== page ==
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The Rise in Absenteeism: Disentangling the Impacts of Cohort, Age and Time

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Author Info

  • Biorn, Erik

    ()
    (University of Oslo)

  • Gaure, Simen

    ()
    (Ragnar Frisch Centre for Economic Research)

  • Markussen, Simen

    ()
    (Ragnar Frisch Centre for Economic Research)

  • Røed, Knut

    ()
    (Ragnar Frisch Centre for Economic Research)

Abstract

We examine the remarkable rise in absenteeism among Norwegian employees since the early 1990's, with particular emphasis on disentangling the roles of cohort, age, and time. Based on a fixed effects model, we show that individual age-adjusted absence propensities have risen even more than aggregate absence rates from 1993 to 2005, debunking the popular hypothesis that the rise in absenteeism resulted from the inclusion of new cohorts – with weaker work-norms – into the workforce. We also reject the idea that the rise in absenteeism resulted from more successful integration of workers with poor health; on the contrary, a massive rise in disability rolls during the 1990’s suggest that poor-health workers have left the labor market in unprecedented numbers.

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Bibliographic Info

Paper provided by Institute for the Study of Labor (IZA) in its series IZA Discussion Papers with number 5091.

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Length: 34 pages
Date of creation: Jul 2010
Date of revision:
Publication status: published in: Journal of Population Economics, 2013, 26 (4), 1585-1608
Handle: RePEc:iza:izadps:dp5091

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Related research

Keywords: endogenous selection; sickness absence; fixed effects logit; multicollinearity;

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References

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  1. Askildsen, Jan Erik & Bratberg, Espen & Nilsen, Øivind Anti, 2002. "Unemployment, labour force composition and sickness absence. A panel data study," Working Papers in Economics 05/02, University of Bergen, Department of Economics.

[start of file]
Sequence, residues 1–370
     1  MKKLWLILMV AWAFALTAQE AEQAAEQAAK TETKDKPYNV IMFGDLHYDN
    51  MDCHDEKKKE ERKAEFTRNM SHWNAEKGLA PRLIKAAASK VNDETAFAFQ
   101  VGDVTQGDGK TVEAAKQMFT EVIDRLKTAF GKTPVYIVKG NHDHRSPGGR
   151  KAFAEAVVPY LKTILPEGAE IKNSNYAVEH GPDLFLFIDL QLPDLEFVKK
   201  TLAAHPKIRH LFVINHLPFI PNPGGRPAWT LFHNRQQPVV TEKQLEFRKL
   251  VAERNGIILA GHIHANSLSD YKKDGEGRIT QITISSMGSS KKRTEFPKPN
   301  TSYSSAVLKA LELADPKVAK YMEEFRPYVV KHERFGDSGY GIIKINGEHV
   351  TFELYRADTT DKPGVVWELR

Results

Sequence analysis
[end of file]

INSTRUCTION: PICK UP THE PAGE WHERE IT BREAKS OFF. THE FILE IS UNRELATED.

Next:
2. Bronwyn H. Hall & Jacques Mairesse & Laure Turner, 2005. "Identifying Age, Cohort and Period Effects in Scientific Research Productivity: Discussion and Illustration Using Simulated and Actual Data on French Physicists," NBER Working Papers 11739, National Bureau of Economic Research, Inc.
  3. Lusine Lusinyan & Leo Bonato, 2007. "Work Absence in Europe," IMF Staff Papers, Palgrave Macmillan, vol. 54(3), pages 475-538, July.
  4. Assar Lindbeck & Sten Nyberg & Jšrgen W. Weibull, 1999. "Social Norms And Economic Incentives In The Welfare State," The Quarterly Journal of Economics, MIT Press, vol. 114(1), pages 1-35, February.
  5. Markussen, Simen, 2009. "Closing the Gates? Evidence from a Natural Experiment on Physicians' Sickness Certification," Memorandum 19/2009, Oslo University, Department of Economics.
  6. Markussen, Simen & Røed, Knut & Røgeberg, Ole J. & Gaure, Simen, 2011. "The anatomy of absenteeism," Journal of Health Economics, Elsevier, vol. 30(2), pages 277-292, March.
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Citations

Blog mentions

As found by EconAcademics.org, the blog aggregator for Economics research:
  1. The mysterious rise of absenteeism in Norway
    by Economic Logician in Economic Logic on 2010-08-31 13:56:00
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Cited by:
  1. Rieck, Karsten Marshall E. & Telle, Kjetil, 2012. "Sick Leave Before, During and After Pregnancy," Working Papers in Economics 06/12, University of Bergen, Department of Economics.
  2. Karsten Marshall Elseth Rieck & Kjetil Telle, 2012. "Sick leave before, during and after pregnancy," Discussion Papers 690, Research Department of Statistics Norway.
  3. Biørn, Erik, 2013. "Identifying Age-Cohort-Time Effects, Their Curvature and Interactions from Polynomials: Examples Related to Sickness Absence," Memorandum 08/2013, Oslo University, Department of Economics.
  4. Biørn, Erik, 2013. "Age-Cohort-Time Effects in Sickness Absence: Exploring a Large Data Set by Polynomial Regression," Memorandum 19/2013, Oslo University, Department of Economics.
  5. Markussen, Simen & Røed, Knut, 2012. "Social Insurance Networks," IZA Discussion Papers 6446, Institute for the Study of Labor (IZA).

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  1. Economic Logic blog

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